Ronnie Corbett talks to TV Times magazine about the GOLD series The Two Ronnies Spectacle (Wednesday), and thanks David Frost for launching him to stardom as he also unearths a remarkable memorabilia collection made by his comedy partner Ronnie Barker…

We’ve heard that you owe your career – in part – to the late David Frost…

“David was entirely the making of my career. David picked me out of nightclubs and put me on national television on The Frost Report. If the musical Twang!! which I was in, had run at all and had been any kind of success I don’t know where I’d have been! David’s decision to use me with Ron and John Cleese was the making of me.

In Gold’s The Two Ronnies Spectacle, an amazing secret archive of material collected by Ronnie Barker is unearthed. What did you think when you saw it?

“I went to see it all and it’s housed in a very strange old building within the Victoria & Albert museum. I knew Ron kept a collection of old bits of memorabilia, but I never realised it was so extensive. It was nice to browse through his collection. And it was very nice to be reminded of him and his memory. My wife, Anne, and I were very sad when his wife Joy [who died in 2011] went because Anne was very close to her.”

Why do you think he kept so much?

“It was very important to Ron what people thought and he would send handwritten replies to his fans.”

During the making of Frost on Sunday, there was a mystery surrounding the identity of a certain writer called Gerald Wiley, who apparently invited everyone to a restaurant one evening…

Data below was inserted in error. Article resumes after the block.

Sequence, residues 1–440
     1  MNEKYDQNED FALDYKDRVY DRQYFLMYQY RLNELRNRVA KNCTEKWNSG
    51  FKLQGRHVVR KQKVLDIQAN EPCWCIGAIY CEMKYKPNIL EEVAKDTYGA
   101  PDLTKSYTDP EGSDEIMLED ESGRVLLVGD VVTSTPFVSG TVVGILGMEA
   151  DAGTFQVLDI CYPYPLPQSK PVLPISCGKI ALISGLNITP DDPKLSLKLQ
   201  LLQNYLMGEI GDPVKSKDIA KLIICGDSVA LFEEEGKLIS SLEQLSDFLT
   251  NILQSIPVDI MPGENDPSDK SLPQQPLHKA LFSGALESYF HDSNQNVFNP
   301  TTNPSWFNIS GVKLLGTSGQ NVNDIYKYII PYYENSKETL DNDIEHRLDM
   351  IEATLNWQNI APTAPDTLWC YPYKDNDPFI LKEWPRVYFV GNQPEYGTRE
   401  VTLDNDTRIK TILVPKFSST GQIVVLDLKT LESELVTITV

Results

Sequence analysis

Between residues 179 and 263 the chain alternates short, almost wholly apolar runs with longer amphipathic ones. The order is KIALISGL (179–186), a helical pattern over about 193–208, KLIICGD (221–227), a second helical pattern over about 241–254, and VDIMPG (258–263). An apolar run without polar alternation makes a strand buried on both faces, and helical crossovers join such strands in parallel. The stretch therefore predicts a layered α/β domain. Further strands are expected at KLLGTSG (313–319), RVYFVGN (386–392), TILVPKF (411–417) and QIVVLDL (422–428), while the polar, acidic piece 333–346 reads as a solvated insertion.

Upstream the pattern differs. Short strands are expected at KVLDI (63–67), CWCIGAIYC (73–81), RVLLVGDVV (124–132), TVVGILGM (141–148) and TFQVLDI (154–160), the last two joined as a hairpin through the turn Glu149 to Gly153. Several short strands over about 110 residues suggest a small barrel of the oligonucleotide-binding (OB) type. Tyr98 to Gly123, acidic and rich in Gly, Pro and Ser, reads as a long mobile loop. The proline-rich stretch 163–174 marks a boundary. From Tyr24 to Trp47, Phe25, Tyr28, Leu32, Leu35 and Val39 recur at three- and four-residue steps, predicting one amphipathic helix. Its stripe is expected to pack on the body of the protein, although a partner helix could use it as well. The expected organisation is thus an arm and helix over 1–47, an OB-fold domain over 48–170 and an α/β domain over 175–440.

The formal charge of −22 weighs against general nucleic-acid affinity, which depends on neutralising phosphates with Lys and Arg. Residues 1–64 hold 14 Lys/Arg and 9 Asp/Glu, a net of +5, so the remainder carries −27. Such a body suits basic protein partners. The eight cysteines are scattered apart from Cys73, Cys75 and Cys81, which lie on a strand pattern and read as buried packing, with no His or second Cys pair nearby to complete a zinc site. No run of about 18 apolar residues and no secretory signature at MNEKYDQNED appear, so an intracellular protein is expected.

“Ron told me on the afternoon before the meal that he was in fact Gerald Wiley, he was very polite that way. At the meal there was an empty place set for Mr Wiley and then Ron said: ‘Gerald will not be coming because I’m Mr Wiley.'”

In 1971 your legendary Saturday night show The Two Ronnies was screened for the first time. Were you thrilled to have your own primetime show?

“Oh yes, oh yes. We were very excited to be at the BBC. We’d done the big shows with Frost on Sunday, so we were used to the atmosphere and the razzmatazz and we put it to good use on The Two Ronnies.”

Probably your best remembered sketch is the classic Four Candles skit…

“It was just the most wonderful sketch although I’m almost sick to death of seeing it now. Ron was never happy with the ending of the sketch, but you didn’t need much of an ending after you’d had such a good idea.”

What other sketches were your favourite?

“I also enjoyed the Mastermind sketch, which David Renwick [who penned One Foot in the Grave] wrote. We had very good writers. We were very blessed.”

During this Gold series you are also reintroduced to the armchair from which you gave your legendary monologues…

“I think it had been re-upholstered, but it was lovely to see it. The whole series has been a very caring exercise by the people who’ve made it and I’m very grateful to be part of it.”